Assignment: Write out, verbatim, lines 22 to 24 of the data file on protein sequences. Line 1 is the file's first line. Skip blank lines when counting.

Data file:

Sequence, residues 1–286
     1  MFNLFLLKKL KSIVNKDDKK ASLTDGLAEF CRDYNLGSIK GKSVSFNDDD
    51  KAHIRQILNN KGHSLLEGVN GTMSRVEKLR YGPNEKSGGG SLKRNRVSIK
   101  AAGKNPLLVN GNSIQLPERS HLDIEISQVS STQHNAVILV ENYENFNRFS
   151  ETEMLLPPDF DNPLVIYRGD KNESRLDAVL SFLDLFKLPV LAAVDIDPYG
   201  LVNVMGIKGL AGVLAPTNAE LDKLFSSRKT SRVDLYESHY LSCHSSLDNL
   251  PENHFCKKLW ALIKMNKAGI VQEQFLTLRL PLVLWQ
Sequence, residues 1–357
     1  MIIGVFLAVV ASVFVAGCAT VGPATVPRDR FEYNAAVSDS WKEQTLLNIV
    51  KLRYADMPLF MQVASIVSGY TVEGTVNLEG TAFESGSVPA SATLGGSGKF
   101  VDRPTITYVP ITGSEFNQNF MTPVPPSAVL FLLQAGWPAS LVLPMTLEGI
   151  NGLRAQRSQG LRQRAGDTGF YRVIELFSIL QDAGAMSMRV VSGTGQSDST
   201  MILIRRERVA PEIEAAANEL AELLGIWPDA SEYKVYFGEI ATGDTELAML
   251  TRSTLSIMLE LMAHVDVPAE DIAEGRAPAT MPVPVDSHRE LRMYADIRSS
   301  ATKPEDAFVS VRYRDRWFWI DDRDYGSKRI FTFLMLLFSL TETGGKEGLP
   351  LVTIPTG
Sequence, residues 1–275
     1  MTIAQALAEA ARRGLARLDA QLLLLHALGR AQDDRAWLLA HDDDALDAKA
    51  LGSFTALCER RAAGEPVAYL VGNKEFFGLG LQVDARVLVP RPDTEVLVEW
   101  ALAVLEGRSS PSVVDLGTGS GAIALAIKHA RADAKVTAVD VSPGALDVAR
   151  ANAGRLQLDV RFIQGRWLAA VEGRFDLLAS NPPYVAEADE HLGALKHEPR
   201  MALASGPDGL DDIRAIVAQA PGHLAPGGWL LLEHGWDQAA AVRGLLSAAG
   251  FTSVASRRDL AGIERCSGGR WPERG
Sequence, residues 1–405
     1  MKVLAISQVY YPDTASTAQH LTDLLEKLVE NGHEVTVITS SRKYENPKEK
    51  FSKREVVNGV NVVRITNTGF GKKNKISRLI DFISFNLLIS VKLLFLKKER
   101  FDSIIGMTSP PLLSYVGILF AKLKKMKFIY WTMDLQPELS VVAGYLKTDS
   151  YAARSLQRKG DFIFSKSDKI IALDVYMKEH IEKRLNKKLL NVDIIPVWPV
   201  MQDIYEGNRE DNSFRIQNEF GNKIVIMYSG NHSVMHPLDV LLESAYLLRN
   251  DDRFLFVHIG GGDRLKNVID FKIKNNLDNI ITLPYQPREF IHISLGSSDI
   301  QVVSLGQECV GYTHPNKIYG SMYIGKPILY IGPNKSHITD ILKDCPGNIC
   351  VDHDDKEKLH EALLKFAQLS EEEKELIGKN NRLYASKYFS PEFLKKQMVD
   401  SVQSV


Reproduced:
   201  MALASGPDGL DDIRAIVAQA PGHLAPGGWL LLEHGWDQAA AVRGLLSAAG
   251  FTSVASRRDL AGIERCSGGR WPERG
Sequence, residues 1–405